Relevant and even prescient commentary on news, politics and the economy.

Moms New Boyfriend, Again . . .

Guest Post by Noni Mausa

When you read a newspaper piece with a single mother’s new boyfriend in it, you know nothing good is coming.

Oh, he could be a sweet, caring man who loves her kids and has a good job, but as Damon Runyon famously said, “that’s not the way to bet.” In the usual story, he turns out to be abusive, wasteful, unreliable, criminal, vain, or at the very best, good enough with the kids to kind of watch them while she works two jobs to support them all.

The Boyfriend is definitely NOT a nanny. [Yes! A political/econ theme at last!] He isn’t hired or fired, trained or licensed. He is not capable, firm, caring, and chiefly concerned with the welfare of the house and family. The Boyfriend attains his position not by giving good husbandly performance, but by flattery, deceit, promises, insinuation, and good acting. He badmouths the previous boyfriend, painting himself as the best man for the role. He keeps it, if he does, through all these tricks plus fear, either through direct threats or through inciting fear of a world without him around to protect the family.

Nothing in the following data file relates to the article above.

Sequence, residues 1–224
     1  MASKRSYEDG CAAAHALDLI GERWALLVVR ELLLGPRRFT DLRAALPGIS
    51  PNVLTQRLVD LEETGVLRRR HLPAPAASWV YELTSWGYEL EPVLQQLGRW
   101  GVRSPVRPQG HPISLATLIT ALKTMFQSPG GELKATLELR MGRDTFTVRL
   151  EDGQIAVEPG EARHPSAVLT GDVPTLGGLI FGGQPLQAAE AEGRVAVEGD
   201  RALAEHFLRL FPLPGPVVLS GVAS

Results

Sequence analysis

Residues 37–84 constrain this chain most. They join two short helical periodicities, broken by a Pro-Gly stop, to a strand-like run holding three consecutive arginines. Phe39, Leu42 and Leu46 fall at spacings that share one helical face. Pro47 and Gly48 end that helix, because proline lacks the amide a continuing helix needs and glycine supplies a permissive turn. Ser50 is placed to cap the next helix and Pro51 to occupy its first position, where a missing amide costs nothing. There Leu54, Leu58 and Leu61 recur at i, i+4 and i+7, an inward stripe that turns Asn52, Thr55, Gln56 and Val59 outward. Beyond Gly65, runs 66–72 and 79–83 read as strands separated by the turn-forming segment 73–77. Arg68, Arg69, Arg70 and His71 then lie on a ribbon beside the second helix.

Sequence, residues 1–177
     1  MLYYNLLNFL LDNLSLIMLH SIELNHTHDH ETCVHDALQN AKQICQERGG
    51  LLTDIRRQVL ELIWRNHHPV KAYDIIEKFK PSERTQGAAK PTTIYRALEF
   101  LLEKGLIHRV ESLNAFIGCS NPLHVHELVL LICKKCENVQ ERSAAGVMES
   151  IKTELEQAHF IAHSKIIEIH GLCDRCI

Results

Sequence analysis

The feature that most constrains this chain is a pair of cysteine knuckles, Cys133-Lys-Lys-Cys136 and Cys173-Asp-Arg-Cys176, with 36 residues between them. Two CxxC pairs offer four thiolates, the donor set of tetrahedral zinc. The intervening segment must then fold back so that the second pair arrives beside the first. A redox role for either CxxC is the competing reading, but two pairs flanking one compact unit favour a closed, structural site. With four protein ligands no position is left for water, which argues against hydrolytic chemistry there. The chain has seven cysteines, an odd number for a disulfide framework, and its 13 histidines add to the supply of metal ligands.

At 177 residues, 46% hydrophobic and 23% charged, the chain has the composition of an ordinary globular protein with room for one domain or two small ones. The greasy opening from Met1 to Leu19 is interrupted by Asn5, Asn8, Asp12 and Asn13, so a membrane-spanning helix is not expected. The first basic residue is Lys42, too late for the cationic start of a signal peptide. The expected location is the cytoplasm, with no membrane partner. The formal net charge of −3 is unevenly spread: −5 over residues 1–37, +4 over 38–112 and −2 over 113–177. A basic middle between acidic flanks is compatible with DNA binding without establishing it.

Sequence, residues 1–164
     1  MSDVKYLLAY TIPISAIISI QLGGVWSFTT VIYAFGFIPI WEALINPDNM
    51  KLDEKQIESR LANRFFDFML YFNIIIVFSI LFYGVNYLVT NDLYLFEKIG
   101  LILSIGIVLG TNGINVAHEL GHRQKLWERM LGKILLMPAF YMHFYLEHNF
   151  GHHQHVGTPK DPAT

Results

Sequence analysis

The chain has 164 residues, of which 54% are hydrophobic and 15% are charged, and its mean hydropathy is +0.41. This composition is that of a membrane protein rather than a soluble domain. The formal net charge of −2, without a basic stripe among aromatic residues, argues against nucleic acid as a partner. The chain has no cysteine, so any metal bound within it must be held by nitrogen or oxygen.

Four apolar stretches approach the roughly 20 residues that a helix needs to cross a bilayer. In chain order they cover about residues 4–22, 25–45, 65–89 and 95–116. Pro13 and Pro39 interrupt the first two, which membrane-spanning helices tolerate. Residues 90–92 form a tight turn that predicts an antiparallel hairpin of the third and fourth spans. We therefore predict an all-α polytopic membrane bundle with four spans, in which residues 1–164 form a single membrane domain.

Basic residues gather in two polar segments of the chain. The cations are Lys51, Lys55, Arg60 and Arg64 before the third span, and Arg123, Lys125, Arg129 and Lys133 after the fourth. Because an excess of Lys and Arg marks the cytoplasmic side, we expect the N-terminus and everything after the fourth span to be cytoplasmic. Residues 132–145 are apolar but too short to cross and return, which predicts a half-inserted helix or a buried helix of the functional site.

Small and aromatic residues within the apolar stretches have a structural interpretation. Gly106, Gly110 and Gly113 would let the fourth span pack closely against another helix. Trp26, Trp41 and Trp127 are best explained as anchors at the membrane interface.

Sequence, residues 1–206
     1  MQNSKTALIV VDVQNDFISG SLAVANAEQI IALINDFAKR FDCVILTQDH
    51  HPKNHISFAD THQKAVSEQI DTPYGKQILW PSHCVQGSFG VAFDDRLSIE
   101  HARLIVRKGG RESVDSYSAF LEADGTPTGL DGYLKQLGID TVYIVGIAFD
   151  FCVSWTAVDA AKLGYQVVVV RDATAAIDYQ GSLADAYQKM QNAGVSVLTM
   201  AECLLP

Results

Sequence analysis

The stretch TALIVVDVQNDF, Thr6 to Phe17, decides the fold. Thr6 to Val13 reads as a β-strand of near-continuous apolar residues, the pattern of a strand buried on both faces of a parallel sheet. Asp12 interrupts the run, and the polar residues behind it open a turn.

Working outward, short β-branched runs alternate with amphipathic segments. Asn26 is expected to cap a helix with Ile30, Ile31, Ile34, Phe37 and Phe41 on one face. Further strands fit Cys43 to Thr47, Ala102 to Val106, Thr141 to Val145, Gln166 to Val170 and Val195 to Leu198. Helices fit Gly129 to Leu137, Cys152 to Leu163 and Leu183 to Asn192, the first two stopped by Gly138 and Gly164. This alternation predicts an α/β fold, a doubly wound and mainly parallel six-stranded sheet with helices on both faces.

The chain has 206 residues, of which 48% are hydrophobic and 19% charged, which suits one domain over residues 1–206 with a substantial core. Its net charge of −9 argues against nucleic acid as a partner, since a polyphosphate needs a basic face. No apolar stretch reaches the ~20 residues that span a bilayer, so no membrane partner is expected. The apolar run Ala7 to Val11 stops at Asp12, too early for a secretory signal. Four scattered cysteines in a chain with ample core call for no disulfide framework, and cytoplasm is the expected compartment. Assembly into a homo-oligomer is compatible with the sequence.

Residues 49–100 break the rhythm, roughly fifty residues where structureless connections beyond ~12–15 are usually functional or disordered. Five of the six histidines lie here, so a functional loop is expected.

Once installed, does The Boyfriend keep the family safe, at least? Generally not. After the initial hopeful honeymoon period, things start to happen. Maybe she comes home and finds some essential bills haven’t been paid. Or he has bought a whale of a Chrysler Newport on which she will have to make payments. While she’s at work, he’s gotten into fights with the neighbors, or taught her kids to gamble, or sold off the appliances to pay those bills. The kids need schooling, but he only teaches them to shoot. They need good food, but he teaches them to like junk. And if any of the kids or their mother comment on his neglect and offenses, he slaps them around.

The Boyfriend thinks short term, always. He knows that after a few months or years, she will kick him out or he will leave. Much of the damage he did won’t get noticed till he’s gone. They say two can live cheaper than one, but he added to the family’s woes, he didn’t ease them. Her relief when he is gone is more blissful than her pleasure when he first moved in.

Yet, she still knows that a real husband would enrich the family and make her contented. So she goes looking again for the real thing, though if she could afford them, she would be better off hiring a traditional nanny, a housekeeper and a part time ~ahem~ gardener.